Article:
At about 5:00 in the afternoon, numerous stones fell in the West Africa country of Upper Volta (now Burkina Faso) near the villages of Gao and Guénie. Witnesses described an event in which stones bounced off the ground, trees were broken, and henhouses were destroyed. Many stones were recovered, the largest of which weighed 2.5 kg. Although most Gao-Guenie stones are unshocked to very weakly shocked (S1S2) H5 chondrites exhibiting only minor brecciation, a small number of specimens are fragmental breccias and some exhibit features reflecting a high degree (S6) of shock-melting (Schmieder et al., 2016). For example, a 570 g impact-melt stone was found in 1999 in a shipment of Gao-Guenie stones from Burkina Faso purchased by E. Olson, and a second impact-melt stone weighing 88 g was subsequently found in the same lot.
These impact-melt breccia stones contain olivine with the same Fa values (Fa19) as in other Gao-Guenie stones, and it is considered that they are all part of the same meteorite fall. Schmieder et al. (2016) studied one of the impact-melt breccia stones and identified a number of distinct textural zones: (i) chondrite-clast domain, (ii) quench melt domain, (iii) impact melt domain. The chondrite-clast domain comprises petrologic type 5 material from the H-chondrite host lithology. The shock-darkened quench melt domain is found adjacent to the chondrite-clast domain, and exhibits a cryptocrystalline to microcrystalline, fluidal igneous texture. The impact melt domain has a microporphyritic igneous texture and contains relict silicate grains exhibiting shock features such as planar fractures and darkening, along with other shock-generated components including metal/troilite melt spherules, cm-sized vugs, and contraction cracks caused by rapid cooling. Based on petrographic and other evidence, Schmieder et al. (2016) concluded that this impact-melt phase represents an impact-injected melt dike beneath the floor of a crater. The cooling rate of the impact melt was calculated by them to have been ~10°C/s over the temperature interval ~20001100°C, with a slower rate of ~500040,000°C/yr below ~1000°C. In consideration of the cooling rate data and estimates of other parameters involving conductive cooling, they concluded that this dike was likely ~0.55 m in diameter.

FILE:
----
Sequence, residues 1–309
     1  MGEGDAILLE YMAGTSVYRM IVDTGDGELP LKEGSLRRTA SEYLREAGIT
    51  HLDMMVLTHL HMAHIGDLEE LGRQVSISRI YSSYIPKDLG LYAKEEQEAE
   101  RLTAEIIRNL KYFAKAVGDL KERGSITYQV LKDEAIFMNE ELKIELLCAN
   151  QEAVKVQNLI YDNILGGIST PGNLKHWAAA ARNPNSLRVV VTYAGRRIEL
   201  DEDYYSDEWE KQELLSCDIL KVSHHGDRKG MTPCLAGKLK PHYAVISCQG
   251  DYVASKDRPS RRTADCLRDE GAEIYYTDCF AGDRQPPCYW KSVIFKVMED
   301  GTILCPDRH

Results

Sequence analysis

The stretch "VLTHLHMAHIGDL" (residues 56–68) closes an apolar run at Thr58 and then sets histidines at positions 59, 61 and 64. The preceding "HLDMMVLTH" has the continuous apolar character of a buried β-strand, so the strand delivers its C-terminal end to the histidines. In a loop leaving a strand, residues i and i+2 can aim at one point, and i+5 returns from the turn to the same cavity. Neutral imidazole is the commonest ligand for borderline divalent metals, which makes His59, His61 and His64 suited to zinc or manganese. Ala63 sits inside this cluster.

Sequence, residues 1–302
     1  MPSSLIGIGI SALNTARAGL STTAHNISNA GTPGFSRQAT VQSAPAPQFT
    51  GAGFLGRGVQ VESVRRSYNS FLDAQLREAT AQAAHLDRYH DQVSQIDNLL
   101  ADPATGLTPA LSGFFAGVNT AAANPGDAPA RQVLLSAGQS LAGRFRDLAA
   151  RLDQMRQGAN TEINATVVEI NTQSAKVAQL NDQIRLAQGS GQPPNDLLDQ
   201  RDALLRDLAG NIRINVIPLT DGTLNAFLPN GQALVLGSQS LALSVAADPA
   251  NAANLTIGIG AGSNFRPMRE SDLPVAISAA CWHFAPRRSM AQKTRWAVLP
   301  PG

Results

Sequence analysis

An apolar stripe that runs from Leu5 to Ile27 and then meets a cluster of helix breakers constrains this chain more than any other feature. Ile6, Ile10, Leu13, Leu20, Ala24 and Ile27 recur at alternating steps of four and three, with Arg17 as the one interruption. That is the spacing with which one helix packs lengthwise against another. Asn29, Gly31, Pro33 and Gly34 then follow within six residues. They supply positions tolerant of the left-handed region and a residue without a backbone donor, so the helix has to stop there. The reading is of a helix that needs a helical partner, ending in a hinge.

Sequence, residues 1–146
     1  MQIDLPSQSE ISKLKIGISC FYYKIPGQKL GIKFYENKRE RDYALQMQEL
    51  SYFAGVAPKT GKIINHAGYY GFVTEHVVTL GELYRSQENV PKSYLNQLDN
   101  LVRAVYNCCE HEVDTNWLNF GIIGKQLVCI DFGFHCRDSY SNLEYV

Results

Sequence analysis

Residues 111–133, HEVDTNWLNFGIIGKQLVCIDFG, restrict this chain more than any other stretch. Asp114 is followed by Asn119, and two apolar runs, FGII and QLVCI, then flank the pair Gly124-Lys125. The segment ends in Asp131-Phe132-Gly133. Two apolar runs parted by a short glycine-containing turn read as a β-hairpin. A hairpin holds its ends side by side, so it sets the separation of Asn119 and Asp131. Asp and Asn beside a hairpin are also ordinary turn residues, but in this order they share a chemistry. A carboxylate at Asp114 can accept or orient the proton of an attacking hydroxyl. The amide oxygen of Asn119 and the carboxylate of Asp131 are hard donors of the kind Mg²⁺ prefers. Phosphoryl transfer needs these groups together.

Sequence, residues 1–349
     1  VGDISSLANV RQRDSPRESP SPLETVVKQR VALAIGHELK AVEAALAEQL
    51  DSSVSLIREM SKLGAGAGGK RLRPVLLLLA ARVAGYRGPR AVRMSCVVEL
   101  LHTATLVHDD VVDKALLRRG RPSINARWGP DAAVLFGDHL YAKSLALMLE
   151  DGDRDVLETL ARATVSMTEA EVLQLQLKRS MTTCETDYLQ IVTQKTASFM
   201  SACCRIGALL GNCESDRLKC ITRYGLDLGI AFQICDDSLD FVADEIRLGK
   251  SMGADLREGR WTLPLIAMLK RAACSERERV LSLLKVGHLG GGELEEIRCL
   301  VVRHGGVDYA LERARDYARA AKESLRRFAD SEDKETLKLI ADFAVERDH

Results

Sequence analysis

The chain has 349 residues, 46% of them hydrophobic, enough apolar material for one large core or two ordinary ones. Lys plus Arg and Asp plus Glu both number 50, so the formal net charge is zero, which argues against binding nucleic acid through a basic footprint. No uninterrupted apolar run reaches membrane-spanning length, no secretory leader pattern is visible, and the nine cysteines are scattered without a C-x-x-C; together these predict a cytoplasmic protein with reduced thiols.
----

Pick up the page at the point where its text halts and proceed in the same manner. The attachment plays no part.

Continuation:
Radiometric chronometry was employed to date the melt and clast components of the breccia, establishing an age for the impact-melting event of 303 (±56) m.y. (Swindle et al., 2009). The typical CRE age determined for H chondrites of 510 m.y. could reflect isotopic clock resetting during a more recent impact event, while an even later impact event is attested by a CRE age of ~0.52 m.y. calculated for Gao-Guenie specimens (Schmieder et al., 2016 and references therein). This is the first case in which an impact melt phase was found to be associated with relatively unshocked material within the same fall, and it could provide valuable information on asteroid impact processes. The specimen shown above is a 3.64 g partial slice of the impact-melt phase of Gao-Guenie, which probably contains chondrite-clast domain with adjacent shock-darkened, fluidal quench melt veins. The photo below shows a representative sample (petrographic thin section LPL 1055,1) of the impact melt phase domains in Gao-Guenie .
Photo credit: Schmieder et al., MAPS, vol. 51, #6 (2016)
'The Gao-Guenie impact melt brecciaSampling a rapidly cooled impact melt dike on an H chondrite asteroid?'